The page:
The C1A is commonly associated with basilar invagination and atlantoaxial dislocation, and makes the odontoid process compress the cervicomedullary6 and requires a surgical interventionton to stabilize the occipitocervical junction, to correct the deformity and decompress the neural structures7,8. Occipitocervical fixation spanning from occiput to C2 has been used to treat the instability of occipitocervical junction9,10,11,12. However, C1 and C2 screw placement is more difficult and dangerous in C1A patients. The C1 lateral mass and condyle are hypoplastic and fused together in the C1A patients, resulting in obvious changes in morphology of C1 lateral mass19 and difficulty for screw insertion in the lateral mass20. Furthermore, Aoyama et al.21 carried out a radiographic measurement of C1A patients and demonstrated that the C2 bony structures were significantly smaller than the normal, making the C2 pedicle screw or translaminar screw placement more difficult. In addition, the vertebral artery of C1A patients sometimes made the surgical dissection and mobilization extremely difficult19,22,23. Therefore, the abnormal osseous anatomy and higher risk of injury to the vascular and neurologic structures preclude a posterior occipitocervical fixation in C1A patients.

Anterior instrumentation anchored to the clivus is an alternative or supplement to the posterior occipitocervical constructs. In 1969, Deandrade et al.24 reported an anterior cervical fixation from the skull base to C3 after laminectomy from C1 to C3 for a patient with rheumatoid arthritis. Goel et al.15 also developed an anterior plate fixation with proximal screws anchoring to the clivus of a 12-year-old boy with congenital basilar invagination, avoiding the secondary posterior fixation. Furthermore, Suchomel et al.13 performed a single-stage total C-2 intralesional spondylectomy for a chordoma patient and reconstructed the anterior defect using a 14-mm diameter Harms mesh cage filled with autologous bone graft, and secured the cage to the clivus and C3 body with screws. Rawlins et al.14 further replace the mesh cage with a plate. The present authors determined the clival screw purchase and designed a novel clivus plate for craniovertebral instability16,17,18.

The intracranial clival length of patients without C1A in the present study was 43 mm and within the range (40–45 mm) reported in literatures25,26, while the extracranial clival length, the clival widest and narrowest diameters were consistent with previous studies16,17,26. The clival-cervical angle of patients with C1A in the present study was also smaller than that in our precious study (122° vs. 130°)16,17.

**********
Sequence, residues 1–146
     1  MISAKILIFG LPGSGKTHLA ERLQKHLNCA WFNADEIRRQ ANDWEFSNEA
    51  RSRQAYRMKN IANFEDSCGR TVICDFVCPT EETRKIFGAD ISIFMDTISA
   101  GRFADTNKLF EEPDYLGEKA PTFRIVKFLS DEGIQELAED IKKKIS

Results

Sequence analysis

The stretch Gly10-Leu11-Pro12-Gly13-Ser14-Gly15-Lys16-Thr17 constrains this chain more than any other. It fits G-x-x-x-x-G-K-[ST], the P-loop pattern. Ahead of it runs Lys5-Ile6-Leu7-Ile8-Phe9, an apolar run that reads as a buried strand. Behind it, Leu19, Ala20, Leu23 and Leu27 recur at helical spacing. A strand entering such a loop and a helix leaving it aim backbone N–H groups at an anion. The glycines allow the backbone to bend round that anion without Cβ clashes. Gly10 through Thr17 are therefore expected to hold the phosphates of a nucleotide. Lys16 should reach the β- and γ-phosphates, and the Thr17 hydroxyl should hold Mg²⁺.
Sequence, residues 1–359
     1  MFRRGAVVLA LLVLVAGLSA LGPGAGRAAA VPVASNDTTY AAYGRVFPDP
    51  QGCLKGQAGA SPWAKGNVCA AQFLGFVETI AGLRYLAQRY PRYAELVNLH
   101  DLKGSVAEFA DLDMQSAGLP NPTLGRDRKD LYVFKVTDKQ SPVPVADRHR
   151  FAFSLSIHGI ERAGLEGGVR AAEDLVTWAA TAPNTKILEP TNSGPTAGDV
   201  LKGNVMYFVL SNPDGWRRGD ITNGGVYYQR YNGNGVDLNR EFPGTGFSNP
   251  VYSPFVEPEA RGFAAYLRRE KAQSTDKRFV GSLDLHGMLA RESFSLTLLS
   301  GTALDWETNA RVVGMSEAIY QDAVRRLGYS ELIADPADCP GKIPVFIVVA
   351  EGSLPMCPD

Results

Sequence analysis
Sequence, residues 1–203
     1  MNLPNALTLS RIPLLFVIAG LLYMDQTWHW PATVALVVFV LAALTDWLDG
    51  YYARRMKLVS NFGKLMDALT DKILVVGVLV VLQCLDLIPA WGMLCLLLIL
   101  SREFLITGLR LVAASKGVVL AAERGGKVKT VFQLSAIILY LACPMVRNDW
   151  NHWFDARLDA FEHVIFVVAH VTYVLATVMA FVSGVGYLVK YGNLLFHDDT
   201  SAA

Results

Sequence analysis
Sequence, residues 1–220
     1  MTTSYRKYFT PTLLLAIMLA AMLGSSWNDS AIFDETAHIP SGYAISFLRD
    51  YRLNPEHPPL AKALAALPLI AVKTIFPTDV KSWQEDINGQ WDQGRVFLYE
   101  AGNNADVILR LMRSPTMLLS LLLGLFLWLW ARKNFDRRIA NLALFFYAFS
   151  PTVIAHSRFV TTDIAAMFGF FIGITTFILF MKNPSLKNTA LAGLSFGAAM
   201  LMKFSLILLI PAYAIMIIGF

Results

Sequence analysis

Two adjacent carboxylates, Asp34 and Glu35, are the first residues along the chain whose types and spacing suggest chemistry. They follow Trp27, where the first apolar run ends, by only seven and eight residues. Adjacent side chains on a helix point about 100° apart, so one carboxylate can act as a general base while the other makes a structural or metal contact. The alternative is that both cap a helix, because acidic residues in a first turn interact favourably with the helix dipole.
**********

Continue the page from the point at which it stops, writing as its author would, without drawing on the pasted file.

The clivus is surrounded by the dura, basilar artery, pons, ventral medulla oblongata and the V~XII cranial nerves27. On the extracranical clivus, pharyngeal tubercle (around 15 mm) can be a central mark to guide a safe dissection of the soft structures and exposure to the clivus16. Nevertheless, the clival length in patients with C1A was 4 mm shorter than general population (24.2 mm vs. 28.1 mm), rendering less operative field and more meticulous technique for screw placement.

Usually, the clivus is slightly concave in longitudinal and transversal directions. According to the our previous study16,17, the ideal screw entry points were at the middle part of the clivus. The upper clivus runs from the dorsum sellae and posterior sphenoid sinus to the plane of dorellos canal. The sphenoid sinus may extend backwards below the hypopyseal fossa and sometimes into the occipital bone28, causing the clival screw inserted into the sphenoid sinus or the pituitary fossa. In addition, the upper screw placement also requires more exposure. On the other hand, there is less thickness and a shorter screw length at the inferior clivus. However, the inferior clivus was thick in C1A patients and feasible to a screw placement. The inferior screw length was close to the middle screw length in C1A patients. It is expected that the screw entrances were lower, and close to the foramen magnum in C1A patients with lesser exposure to the clivus. Therefore, the clival screw fixation technique is feasible for C1A patients.